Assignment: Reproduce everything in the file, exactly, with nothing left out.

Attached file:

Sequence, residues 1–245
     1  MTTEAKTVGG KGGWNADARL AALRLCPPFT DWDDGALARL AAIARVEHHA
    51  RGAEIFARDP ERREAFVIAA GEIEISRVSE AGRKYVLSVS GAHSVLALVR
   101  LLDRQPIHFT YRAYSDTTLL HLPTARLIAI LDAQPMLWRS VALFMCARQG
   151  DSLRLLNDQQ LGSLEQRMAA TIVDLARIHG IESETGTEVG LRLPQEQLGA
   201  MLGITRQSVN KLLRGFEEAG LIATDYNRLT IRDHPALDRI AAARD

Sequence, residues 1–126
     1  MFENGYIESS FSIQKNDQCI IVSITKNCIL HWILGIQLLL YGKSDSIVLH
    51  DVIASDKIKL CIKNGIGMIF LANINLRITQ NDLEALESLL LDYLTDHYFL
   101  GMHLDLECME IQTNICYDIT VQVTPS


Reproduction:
Sequence, residues 1–245
     1  MTTEAKTVGG KGGWNADARL AALRLCPPFT DWDDGALARL AAIARVEHHA
    51  RGAEIFARDP ERREAFVIAA GEIEISRVSE AGRKYVLSVS GAHSVLALVR
   101  LLDRQPIHFT YRAYSDTTLL HLPTARLIAI LDAQPMLWRS VALFMCARQG
   151  DSLRLLNDQQ LGSLEQRMAA TIVDLARIHG IESETGTEVG LRLPQEQLGA
   201  MLGITRQSVN KLLRGFEEAG LIATDYNRLT IRDHPALDRI AAARD

Sequence, residues 1–126
     1  MFENGYIESS FSIQKNDQCI IVSITKNCIL HWILGIQLLL YGKSDSIVLH
    51  DVIASDKIKL CIKNGIGMIF LANINLRITQ NDLEALESLL LDYLTDHYFL
   101  GMHLDLECME IQTNICYDIT VQVTPS